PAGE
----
With the Italian bank Monte dei Paschi di Siena (MPS) being bailed out by the Italian taxpayer, push comes to shove: Are post-crisis reforms working? First and foremost, this concerns the innovative resolution instrument of ‘bail-in’. While the successful resolution of Banco Popular stirred hope at first, the Italian government’s handling of Veneto Banca, Banca Popolare di Vicenza (together: ‘V&V’) and MPS throws serious doubt on the consistent application of bail-in as set out in a recent Bloomberg article

The European strand of the financial crisis is being brought back to the center stage of financial regulation. Unlike in the financial crisis of 2008/2009, however, there are strong forces arguing against state intervention today: European law requires creditors of a systemically relevant bank in the vicinity of insolvency to be ‘bailed-in’ – that is, having their claims written off or converted into an equity stake. In MPS’ case, around 40% of this ‘bail-inable’ debt is held by small retail investors, which puts strong political pressure on the Italian government to inject state funds.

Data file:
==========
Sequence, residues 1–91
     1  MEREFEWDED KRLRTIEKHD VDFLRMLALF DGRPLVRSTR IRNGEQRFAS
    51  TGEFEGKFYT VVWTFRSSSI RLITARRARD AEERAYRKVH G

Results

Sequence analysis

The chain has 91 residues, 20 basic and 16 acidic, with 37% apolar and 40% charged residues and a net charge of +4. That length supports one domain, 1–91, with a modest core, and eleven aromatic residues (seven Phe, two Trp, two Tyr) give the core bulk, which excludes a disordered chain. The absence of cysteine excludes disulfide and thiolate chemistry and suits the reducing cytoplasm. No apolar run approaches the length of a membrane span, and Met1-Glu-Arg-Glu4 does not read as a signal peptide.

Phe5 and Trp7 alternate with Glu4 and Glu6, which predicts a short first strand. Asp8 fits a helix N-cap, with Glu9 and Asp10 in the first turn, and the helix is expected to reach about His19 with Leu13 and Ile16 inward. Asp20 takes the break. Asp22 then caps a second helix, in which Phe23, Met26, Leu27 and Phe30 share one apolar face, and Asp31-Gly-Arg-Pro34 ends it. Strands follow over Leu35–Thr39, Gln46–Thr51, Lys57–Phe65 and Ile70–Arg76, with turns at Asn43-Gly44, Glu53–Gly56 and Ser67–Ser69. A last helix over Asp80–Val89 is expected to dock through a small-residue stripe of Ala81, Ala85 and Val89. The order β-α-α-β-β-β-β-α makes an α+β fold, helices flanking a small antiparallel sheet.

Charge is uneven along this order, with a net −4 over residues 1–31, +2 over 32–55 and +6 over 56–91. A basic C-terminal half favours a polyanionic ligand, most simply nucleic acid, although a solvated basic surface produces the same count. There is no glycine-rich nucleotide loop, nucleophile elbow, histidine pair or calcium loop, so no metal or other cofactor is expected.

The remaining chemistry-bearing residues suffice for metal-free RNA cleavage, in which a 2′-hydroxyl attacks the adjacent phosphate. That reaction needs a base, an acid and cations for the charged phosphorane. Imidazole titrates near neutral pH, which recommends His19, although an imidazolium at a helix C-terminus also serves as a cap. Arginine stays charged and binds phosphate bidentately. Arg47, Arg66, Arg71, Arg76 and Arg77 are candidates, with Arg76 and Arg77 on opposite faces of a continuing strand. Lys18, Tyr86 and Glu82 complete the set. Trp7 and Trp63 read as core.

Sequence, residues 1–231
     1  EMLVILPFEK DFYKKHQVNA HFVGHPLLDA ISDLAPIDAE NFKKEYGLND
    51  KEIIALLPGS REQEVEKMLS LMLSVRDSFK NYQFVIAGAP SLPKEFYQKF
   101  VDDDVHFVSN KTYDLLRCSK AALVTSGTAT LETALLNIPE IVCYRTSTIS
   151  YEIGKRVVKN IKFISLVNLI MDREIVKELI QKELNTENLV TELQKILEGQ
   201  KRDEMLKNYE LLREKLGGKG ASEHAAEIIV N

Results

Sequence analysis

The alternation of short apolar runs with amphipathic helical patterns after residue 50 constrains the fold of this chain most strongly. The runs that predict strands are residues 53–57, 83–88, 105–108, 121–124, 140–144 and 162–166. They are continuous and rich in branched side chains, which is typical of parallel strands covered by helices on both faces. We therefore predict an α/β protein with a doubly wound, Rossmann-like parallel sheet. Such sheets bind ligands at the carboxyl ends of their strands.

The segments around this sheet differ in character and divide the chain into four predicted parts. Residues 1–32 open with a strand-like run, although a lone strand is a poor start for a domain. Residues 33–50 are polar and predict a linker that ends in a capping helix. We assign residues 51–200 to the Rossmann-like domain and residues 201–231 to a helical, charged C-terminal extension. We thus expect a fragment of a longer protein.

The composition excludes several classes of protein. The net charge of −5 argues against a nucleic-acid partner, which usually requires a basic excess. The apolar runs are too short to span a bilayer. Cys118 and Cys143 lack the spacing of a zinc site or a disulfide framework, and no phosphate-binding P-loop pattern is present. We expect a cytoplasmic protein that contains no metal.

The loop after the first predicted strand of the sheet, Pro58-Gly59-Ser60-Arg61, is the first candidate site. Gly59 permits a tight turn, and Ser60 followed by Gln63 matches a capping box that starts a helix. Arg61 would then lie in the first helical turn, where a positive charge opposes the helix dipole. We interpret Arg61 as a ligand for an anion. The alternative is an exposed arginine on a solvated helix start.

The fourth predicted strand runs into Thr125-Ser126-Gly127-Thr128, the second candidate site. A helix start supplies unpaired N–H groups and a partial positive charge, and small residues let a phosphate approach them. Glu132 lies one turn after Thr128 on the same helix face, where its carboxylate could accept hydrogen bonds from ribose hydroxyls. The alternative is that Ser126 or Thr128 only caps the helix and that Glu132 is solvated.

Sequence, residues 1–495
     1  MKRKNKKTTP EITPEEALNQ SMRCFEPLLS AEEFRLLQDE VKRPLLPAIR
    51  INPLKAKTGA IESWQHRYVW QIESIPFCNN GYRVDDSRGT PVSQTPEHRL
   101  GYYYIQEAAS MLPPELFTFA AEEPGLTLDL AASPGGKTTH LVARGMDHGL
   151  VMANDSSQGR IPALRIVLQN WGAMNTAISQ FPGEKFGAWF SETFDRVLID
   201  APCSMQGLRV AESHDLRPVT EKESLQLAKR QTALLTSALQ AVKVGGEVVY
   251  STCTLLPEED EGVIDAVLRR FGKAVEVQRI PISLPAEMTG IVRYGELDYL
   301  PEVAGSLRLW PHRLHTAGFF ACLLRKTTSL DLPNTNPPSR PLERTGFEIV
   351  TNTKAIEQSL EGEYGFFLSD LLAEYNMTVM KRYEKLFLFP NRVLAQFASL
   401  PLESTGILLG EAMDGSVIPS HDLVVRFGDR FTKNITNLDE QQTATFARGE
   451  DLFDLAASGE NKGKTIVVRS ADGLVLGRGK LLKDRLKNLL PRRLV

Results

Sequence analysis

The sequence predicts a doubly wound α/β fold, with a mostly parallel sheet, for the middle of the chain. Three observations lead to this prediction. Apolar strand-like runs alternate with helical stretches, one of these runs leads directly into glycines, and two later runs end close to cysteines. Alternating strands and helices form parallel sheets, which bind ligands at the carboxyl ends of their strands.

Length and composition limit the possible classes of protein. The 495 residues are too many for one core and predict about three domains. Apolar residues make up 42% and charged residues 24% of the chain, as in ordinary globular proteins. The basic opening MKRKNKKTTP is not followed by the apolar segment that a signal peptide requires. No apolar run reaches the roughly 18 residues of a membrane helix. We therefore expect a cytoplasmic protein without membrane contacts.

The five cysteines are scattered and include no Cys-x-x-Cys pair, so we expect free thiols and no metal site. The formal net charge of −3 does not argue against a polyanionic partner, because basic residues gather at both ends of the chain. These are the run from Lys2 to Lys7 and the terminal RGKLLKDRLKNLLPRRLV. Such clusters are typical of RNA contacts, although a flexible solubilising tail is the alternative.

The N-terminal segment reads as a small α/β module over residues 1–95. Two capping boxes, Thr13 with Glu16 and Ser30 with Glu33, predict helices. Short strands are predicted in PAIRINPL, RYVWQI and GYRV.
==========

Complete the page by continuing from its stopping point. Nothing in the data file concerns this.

Hence, the far-fetched exemption to the bail-in concept, a ‘precautionary recapitalisation’ is used to inject taxpayer funds by way of Art. 18 IV d SRM-Regulation/ 32 IV d BRRD (see Philipp Lassahn's post on Regulation-Y blog). In the case of V&V, the Italian government was allowed to – in effect – circumvent the European rules by resorting to national insolvency law, which does not prevent the bail-out of senior creditors. 

1. Bail-in as a self-commitment device – a credible bail-out alternative?

Anything that comes close to circumventing bail-in is, however, a very dangerous undertaking. 

And herein lies the danger resulting from the MPS crisis: it shows that resorting to the bail-out option is still possible if necessary for the preservation of financial stability (Article 32(4.d) BRRD). 

Even a single precedent renders void the genius that is idea behind it. As posited here, bail-in should first and foremost be understood as a device to commit future governments/authorities not to bail-out creditors, eliminating the funding subsidy enjoyed by financial institutions that are deemed ‘too big to fail’.